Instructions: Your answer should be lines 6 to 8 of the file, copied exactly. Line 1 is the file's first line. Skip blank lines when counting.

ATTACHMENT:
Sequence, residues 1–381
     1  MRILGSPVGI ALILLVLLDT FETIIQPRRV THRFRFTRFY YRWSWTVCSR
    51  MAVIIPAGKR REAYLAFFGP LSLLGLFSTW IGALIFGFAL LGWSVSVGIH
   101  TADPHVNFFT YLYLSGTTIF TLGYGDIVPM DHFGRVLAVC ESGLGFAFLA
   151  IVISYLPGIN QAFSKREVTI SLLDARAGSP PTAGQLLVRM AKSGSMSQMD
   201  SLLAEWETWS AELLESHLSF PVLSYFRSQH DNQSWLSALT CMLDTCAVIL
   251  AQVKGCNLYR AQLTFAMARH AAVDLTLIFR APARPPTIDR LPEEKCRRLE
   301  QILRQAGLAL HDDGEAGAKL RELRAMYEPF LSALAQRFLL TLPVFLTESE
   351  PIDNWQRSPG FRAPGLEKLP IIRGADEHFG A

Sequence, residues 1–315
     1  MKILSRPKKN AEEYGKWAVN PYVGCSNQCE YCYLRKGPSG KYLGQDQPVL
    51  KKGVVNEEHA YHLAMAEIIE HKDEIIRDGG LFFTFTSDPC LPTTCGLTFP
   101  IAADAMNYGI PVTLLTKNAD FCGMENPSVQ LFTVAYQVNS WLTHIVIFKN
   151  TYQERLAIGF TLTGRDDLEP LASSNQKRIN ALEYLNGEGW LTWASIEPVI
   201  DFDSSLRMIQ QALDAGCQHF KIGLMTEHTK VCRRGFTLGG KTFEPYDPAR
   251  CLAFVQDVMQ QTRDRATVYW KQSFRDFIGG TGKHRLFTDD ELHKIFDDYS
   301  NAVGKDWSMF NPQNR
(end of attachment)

   201  SLLAEWETWS AELLESHLSF PVLSYFRSQH DNQSWLSALT CMLDTCAVIL
   251  AQVKGCNLYR AQLTFAMARH AAVDLTLIFR APARPPTIDR LPEEKCRRLE
   301  QILRQAGLAL HDDGEAGAKL RELRAMYEPF LSALAQRFLL TLPVFLTESE